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Block Buster

Jonathan Rosen talks about the tortured vision of Henry Roth. With a reading from Call It Sleep.

Laurel Snyder
August 10, 2005

Redemption, Steven G. Kellman’s new biography of Henry Roth, explores a brilliant novelist with a deep secret—an incestuous relationship with his sister, Rose. Roth’s sexual shame informs Call It Sleep, Roth’s Joycean novel of the Lower East Side, which was published in 1934 but forgotten until the 1960s, when Irving Howe’s praise put the paperback reissue on the bestseller list. By this point, Roth was living in Maine, paralyzed by writer’s block. Finally, in 1979, he began working on another autobiographical novel, Mercy of a Rude Stream. This four-volume work and Call It Sleep have been rereleased by Picador.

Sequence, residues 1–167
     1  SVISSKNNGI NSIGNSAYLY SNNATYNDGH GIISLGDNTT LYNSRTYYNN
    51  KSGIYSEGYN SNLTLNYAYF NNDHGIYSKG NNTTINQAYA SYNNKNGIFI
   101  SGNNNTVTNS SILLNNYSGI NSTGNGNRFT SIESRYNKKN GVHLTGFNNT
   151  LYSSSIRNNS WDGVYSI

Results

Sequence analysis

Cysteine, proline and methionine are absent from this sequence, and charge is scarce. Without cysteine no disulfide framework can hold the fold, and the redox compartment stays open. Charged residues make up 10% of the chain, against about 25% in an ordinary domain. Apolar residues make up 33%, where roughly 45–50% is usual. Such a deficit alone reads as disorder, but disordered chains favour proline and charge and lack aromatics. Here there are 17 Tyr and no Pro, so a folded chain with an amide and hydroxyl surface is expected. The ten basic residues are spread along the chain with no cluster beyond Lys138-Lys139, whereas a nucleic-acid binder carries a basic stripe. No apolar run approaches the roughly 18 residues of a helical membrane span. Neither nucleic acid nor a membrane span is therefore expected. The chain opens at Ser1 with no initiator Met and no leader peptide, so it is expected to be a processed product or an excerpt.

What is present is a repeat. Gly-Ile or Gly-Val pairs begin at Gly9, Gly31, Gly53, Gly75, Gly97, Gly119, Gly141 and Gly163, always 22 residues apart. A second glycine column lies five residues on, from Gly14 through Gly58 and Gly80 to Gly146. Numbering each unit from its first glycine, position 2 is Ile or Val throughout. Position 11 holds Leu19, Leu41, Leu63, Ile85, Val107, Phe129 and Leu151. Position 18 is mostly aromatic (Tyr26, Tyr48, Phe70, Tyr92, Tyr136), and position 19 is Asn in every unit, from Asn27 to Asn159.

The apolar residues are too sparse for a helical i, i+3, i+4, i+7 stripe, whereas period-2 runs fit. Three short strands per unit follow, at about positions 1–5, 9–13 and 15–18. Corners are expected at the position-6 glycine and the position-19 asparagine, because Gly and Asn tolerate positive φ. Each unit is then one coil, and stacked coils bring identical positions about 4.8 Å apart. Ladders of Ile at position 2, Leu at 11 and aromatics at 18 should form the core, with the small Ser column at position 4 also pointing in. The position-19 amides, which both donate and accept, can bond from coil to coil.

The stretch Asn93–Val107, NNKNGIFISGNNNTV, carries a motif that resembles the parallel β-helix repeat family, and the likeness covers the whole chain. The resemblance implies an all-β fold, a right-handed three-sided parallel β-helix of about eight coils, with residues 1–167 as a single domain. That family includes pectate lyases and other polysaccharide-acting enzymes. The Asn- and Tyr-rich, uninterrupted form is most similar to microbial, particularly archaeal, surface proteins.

Jonathan Rosen, the author of Joy Comes in the Morning (now out in paperback) and editor of Nextbook’s Jewish Encounters book series, met Henry Roth in 1993, two years before his death, and wrote an essay on Roth that appeared in The New Yorker earlier this month. Here he talks about Roth’s troubled life and work.

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